In October 2016, our government invited the United Nations Working Group of experts on people of African descent to Canada. The group visited Ottawa, Toronto, Halifax and Montreal. They saluted, among other things, our new initiative to establish a judiciary that reflects the competition… composition of our country. That said, even though Canada has a reputation for promoting multiculturalism and valuing diversity, the working group expressed concern about the situation of many black Canadians. In particular, on the scourge of anti-black racism, there is clearly a lot of work that still needs to be done.
Here in Canada over one million Canadians identify as black. The words we use and the actions we take matter. Our government’s key priority is to deliver for the middle class and those working hard to join it. The investments we’ve made will improve the lives of all Canadians, including the lives of people of African descent. Programs like the Canada Child Benefit are helping parents with the high costs of raising children. An expanded Canada Pension Plan will help seniors retire with security and dignity. More generous student grant programs are helping low and middle-income students attend college and university and we’re investing billions in affordable child care. Our National Housing Strategy is going to address housing insecurity for a lot of vulnerable Canadians, and big investments in the Canada Summer Jobs Program help teens and young adults get their start in the working world.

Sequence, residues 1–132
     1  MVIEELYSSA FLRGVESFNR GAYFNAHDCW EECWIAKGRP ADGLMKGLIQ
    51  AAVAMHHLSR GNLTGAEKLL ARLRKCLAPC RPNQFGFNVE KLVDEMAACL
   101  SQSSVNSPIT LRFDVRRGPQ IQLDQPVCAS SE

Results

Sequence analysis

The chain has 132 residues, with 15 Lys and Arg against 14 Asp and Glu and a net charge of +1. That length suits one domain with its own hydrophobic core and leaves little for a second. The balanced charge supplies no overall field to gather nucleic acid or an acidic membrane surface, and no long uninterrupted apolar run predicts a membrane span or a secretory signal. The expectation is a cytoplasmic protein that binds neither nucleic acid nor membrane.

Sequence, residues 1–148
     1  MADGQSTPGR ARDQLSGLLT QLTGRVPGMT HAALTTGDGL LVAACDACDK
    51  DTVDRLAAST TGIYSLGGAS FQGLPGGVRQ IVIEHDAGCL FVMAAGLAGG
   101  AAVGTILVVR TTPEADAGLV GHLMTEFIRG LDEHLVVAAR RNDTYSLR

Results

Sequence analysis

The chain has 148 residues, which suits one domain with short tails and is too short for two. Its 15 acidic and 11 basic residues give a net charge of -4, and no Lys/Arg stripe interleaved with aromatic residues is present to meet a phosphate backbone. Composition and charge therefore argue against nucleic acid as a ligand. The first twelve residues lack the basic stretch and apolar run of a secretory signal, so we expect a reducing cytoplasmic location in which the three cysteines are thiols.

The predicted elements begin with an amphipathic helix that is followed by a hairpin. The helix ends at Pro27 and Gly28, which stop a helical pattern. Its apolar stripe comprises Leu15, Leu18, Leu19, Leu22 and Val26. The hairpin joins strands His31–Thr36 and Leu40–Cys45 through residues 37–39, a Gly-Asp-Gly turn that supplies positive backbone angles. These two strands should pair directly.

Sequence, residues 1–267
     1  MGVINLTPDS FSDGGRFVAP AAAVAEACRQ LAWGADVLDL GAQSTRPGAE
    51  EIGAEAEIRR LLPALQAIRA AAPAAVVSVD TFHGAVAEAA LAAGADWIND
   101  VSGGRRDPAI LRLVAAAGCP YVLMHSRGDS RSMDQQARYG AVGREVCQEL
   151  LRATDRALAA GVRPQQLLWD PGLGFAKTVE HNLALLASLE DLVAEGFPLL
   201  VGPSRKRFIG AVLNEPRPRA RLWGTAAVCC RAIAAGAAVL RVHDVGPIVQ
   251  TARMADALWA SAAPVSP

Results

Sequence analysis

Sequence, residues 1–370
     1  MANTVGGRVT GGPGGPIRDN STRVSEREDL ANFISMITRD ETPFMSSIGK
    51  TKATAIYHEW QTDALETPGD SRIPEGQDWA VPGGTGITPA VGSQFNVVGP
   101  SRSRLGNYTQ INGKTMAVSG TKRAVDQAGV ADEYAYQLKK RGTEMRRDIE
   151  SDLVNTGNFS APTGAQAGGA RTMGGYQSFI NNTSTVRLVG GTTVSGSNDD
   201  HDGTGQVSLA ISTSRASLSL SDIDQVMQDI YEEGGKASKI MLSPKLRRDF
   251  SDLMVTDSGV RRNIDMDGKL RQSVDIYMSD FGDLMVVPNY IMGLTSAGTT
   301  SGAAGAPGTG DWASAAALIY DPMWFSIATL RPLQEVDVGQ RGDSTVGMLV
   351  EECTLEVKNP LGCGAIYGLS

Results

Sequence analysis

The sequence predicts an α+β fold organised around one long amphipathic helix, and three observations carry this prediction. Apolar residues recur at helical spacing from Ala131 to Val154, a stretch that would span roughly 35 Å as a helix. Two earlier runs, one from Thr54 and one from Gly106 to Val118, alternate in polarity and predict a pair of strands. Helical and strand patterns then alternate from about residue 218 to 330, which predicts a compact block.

We’ve heard from people and organizations from all over Canada like the Federation of Black Canadians and other groups who are telling us that, as a government, we have to do more to support black Canadians specifically. The UN International Decade for People of African Descent proposes to increase research capacity and data collection so that we have a clearer big-picture view of the specific issues faced by black Canadians. And that makes sense because the way we’re collecting and communicating the data is insufficient. For us to establish policies that are evidence-based, the current system has to be improved.